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An international relations PhD is attractive to many students due to its diverse career potential. With a strong emphasis on study and research, many PhDs in this field choose careers in academia, but there are certainly other options that include working as diplomats or in high-level jobs that concern international business relationships. Exactly how to earn an international relations PhD is usually dependent on each individual school’s requirements. A summary of typical requirements for admission to PhD programs and for completing a degree shouldn’t replace the information that each university offering such a degree provides.
For any form of doctoral studies, minimum requirement for entry is a completed undergraduate degree. Colleges offering the international relations PhD accept some students that possess only a bachelor’s degree, but may be more likely to take students with a master’s. The specific field of any bachelor or master studies is important. Students usually will have studied in a related field, such as political science, business, law, economics, and finance. Again, applicants should refer specifically to each college to determine eligible degrees.
In addition to degree suitability of any graduate or undergraduate study, applicants to an international relations PhD program generally are required to have competency in at least one foreign language. Universities may test competency via examinations.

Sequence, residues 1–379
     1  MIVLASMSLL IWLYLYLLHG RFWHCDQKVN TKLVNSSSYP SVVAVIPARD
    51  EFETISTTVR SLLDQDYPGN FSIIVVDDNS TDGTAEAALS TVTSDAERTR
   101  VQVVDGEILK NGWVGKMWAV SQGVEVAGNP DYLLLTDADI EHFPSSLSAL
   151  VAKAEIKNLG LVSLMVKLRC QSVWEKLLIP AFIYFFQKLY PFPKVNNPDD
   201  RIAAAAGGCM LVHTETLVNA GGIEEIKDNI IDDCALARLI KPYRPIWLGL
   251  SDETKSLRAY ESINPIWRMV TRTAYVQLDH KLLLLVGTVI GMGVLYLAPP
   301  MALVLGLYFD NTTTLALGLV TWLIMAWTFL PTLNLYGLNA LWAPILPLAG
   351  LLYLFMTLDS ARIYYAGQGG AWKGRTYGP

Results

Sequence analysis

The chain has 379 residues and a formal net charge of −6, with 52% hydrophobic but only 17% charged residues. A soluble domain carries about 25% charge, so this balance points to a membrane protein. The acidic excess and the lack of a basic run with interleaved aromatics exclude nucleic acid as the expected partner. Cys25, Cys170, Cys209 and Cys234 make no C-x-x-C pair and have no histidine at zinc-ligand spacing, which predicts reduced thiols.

Other admissions requirements from most schools include strong grade point average (GPA), usually exceeding 3.0, and letters of recommendation of a professional or academic nature. Students might need to prove readiness for PhD studies by taking standardized tests, like the Graduate Record Examination (GRE). Most schools also ask for a personal statement, which should be very well written, to showcase writing strengths.
After students have successfully been accepted to an international relations PhD program, the work really begins. Two to three years of classes, generally followed with comprehensive exams, are expected. Doctoral candidates complete a lengthy piece of original scholarship called a dissertation. This usually takes a couple of years to prepare from the first proposal of a topic to the final presentation. Students present their final work to a faculty committee and must orally defend it before it is accepted as completed.
Between classes, dissertation preparation, and other possible requirements like working as a teaching or research fellow, finishing the international relations PhD program can take at least four years. Many students need more time, and might take five to six years to complete all of their work. In most cases, the last thing completed is the dissertation, and once the faculty committee has approved this, students are eligible to graduate and receive their degree.
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